Black America: Why not president-elect Donald J. Trump?

If you think about it, we have nothing to lose. Black America has sat on the sidelines of economic, educational, social and public policy-making hoping for change. We should take this opportunity during this period of political reconstruction and make the most out of it.

By Don Allen, M.A. Ed. – Publisher – Our Black News

So you want to return to the Motherland because of an election of a white president? The United States has already elected 43 white presidents before its first president of color, Barack Obama (#44), in 2008. Of course we’ve had sitting presidents who did not hide their affiliation with the KKK; as noted are McKinley, Wilson, Harding, Coolidge, and Truman. The only real evidence we have on Truman is that he was probably a nominal member of the KKK. With the election of Donald Trump, historically, there has never been so much misinformation, protesting, fake news and the return to seeing color and racism in the United States. Trump was not supposed to win; he was a television reality star; his rural followers are uneducated; white-women, black-women, Hispanic-Latinos and Blacks were not supposed to vote for him.

What happened?

In this post color-blind society that academics professed in their finest pieces of literature, there has been a consistent avoidance of real truths, facts and editorial one-sidedness. Let’s just call it a post-blinder-wearing society; it makes all the sense in the world. In short no, you’re not getting sent back to Africa, they don’t want any Black Americans there either.

For black, white, rich and poor, the United States of America has been a melting pot from people from all over the globe.  People that want to have a place to execute their own visions, ideas and businesses; the U. S. makes that happen each and every day.  But what happened in the case of Donald J. Trump? How did Trump become a part of a hysterical liberal Alt-Left and the GOP suck-ups that were exposed by Trump’s mantle of ground-ready communications and establishment unraveling? We already know that every election cycle some on the left took the votes of black people for granted surreptitiously citing there was no need to focus on Black Americans because the left had some and more; black voters were not important to the DNC. This was also a bigger challenge in the Republican Party of American. Trump exposed what turned out to be a lack of outreach, connectivity and intersectional collaborations with people of color, especially blacks.

While students on college campuses remain in one-party-classroom shock, and president elect Trump popularity grows exponentially, let’s pay close attention to what’s happening within the White-male patriarchal system of checks and balances:

  1. The Stock Market: in a story titled, “Why is the stock market so excited for President Trump?“This wasn’t supposed to happen. In the run-up to the presidential election, everyone was predicting that a victory for Donald Trump would send the stock market into a tailspin. The man is an erratic demagogue who showed no concern for deficits, zero policy knowledge, and was ready to rip up international trade agreements. Surely he’d create a market panic. Yet after some brief jitters following Trump’s win, the stock market has kept marching skyward. The first explanation is that maybe President Trump will be good for the economy after all. This story focuses on the likelihood that Trump and the GOP will cut taxes, spend big on infrastructure, run up the deficit, and cut environmental regulations, all of which will boost growth. This is surface-level plausible, until you look under the hood.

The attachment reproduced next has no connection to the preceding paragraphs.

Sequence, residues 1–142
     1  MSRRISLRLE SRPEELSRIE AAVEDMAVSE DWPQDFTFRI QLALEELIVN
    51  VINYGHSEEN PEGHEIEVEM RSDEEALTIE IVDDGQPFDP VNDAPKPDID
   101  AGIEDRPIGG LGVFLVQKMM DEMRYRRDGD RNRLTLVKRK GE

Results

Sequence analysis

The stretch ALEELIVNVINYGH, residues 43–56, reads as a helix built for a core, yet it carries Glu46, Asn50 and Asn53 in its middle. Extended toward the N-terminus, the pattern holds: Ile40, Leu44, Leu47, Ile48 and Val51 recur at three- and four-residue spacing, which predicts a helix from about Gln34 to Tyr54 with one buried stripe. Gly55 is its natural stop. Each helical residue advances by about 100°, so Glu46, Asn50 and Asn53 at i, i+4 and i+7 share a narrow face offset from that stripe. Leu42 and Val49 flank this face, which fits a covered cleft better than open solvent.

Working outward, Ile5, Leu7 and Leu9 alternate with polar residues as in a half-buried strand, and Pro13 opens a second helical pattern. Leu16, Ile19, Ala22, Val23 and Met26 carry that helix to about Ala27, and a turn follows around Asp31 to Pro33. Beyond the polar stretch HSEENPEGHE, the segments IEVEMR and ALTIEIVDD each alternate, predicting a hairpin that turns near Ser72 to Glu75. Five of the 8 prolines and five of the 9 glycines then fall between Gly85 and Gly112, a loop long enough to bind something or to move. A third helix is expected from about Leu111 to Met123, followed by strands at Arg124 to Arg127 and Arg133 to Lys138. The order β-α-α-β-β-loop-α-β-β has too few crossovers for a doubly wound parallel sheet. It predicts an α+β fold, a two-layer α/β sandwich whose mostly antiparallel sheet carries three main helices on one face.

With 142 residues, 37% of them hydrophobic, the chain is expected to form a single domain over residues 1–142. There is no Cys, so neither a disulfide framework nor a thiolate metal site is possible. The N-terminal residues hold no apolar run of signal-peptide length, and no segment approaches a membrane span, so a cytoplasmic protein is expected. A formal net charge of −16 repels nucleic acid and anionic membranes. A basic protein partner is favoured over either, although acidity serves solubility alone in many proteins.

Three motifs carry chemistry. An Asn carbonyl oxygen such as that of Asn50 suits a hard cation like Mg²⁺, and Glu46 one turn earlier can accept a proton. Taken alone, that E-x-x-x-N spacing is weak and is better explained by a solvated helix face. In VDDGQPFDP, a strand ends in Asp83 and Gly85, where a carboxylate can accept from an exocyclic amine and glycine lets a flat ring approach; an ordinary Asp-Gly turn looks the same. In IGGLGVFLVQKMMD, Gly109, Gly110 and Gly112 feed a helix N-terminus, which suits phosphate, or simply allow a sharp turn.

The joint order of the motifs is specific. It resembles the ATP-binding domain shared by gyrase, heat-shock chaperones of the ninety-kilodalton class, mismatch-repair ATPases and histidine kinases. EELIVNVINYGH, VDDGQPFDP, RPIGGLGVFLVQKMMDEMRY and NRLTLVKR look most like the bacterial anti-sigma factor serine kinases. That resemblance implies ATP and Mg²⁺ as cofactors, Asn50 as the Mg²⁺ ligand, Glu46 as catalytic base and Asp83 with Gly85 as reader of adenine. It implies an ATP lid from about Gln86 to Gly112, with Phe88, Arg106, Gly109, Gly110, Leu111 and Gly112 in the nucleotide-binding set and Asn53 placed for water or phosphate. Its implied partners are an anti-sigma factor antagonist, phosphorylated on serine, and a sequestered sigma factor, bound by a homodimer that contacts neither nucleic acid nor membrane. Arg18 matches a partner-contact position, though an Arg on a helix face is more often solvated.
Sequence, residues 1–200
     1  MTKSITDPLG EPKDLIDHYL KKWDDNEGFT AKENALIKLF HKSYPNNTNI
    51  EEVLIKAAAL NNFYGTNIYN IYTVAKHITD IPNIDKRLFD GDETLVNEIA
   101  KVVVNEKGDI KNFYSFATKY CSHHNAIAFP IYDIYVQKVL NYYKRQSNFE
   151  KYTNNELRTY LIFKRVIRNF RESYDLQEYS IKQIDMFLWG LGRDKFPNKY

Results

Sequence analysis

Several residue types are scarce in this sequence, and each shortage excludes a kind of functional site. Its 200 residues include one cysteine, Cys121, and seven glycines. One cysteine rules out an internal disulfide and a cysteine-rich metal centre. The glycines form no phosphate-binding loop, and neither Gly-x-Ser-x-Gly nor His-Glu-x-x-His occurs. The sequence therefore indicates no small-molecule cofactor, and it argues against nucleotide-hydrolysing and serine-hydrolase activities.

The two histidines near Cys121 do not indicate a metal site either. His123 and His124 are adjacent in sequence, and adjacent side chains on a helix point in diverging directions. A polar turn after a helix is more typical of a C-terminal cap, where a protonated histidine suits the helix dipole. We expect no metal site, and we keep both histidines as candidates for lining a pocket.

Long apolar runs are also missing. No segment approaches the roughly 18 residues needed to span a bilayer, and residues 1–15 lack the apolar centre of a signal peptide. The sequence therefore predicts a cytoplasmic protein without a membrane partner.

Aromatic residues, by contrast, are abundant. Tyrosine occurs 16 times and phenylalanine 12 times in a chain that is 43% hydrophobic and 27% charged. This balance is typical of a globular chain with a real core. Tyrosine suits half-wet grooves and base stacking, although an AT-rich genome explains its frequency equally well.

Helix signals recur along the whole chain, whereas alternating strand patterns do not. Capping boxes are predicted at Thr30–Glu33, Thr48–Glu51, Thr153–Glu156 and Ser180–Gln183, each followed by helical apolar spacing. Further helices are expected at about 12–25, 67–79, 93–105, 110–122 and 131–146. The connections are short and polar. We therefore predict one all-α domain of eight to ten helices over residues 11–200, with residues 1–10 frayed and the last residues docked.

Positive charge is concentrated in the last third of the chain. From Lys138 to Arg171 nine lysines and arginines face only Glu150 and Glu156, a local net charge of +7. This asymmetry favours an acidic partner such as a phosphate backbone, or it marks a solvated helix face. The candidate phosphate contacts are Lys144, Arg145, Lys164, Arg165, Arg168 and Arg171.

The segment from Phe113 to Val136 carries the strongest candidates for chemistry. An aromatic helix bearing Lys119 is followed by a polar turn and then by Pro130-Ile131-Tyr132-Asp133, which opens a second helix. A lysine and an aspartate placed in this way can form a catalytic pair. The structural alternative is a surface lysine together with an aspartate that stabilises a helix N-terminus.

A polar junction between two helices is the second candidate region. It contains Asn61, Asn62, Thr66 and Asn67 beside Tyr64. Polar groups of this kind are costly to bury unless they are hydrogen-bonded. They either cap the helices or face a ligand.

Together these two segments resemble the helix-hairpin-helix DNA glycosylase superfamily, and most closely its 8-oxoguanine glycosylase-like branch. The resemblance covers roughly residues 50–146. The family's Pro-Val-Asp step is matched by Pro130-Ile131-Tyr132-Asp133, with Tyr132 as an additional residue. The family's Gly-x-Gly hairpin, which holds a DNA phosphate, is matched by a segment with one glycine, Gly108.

2. White Women: The mainstream media went on a preverbal witch hunt to deem Trump “unfit, abusive to women, misogynic,” not the one white-male that white women would want in the White House. It turns out that more than half of White Women in the US voted for Trump despite all the “pussy-grabbing” and carrying on. This should send a message that White women are ready to have their white-male counterparts sitting at the top of the social, economic and now presidential food chain (with an estimated 63 percent of White men voting for Trump, it seems like both were ready to take back the mantle of control and identity)
  3. Black Women: In the Salon story, “The colorblind sisterhood fantasy: Black women voted for white women — and white women voted for themselves,” it explains what happen to black females in the 2016 election cycle. “Much of the white feminist struggle since has taken the same strategy with the same goal. For many women of color, white feminism feels less like a unified fight for the liberation of all women, and more like a campaign to ensure white women have the same status, rights and privileges as white men, and thus the corresponding power to oppress black and brown people. This election was a painful reminder, and statistical illustration, of that” (Lasha, 2016, para. 4).

Donald J. Trump’s win (#landslide), should not have been a surprise to anyone. Inside of our society is a lustful and voyeuristic need for political fantasy. If there was someone to make all of our wet dreams come true, it is Trump. So now, don’t sit around and whine for four-years, it’s time to put the Republican Party to the test. Don’t worry about the re-counts or the fake news hitting the airwaves about some massive turnover where Hillary Clinton wins; it’s all propaganda to keep the mighty media machine from running out of ideas.

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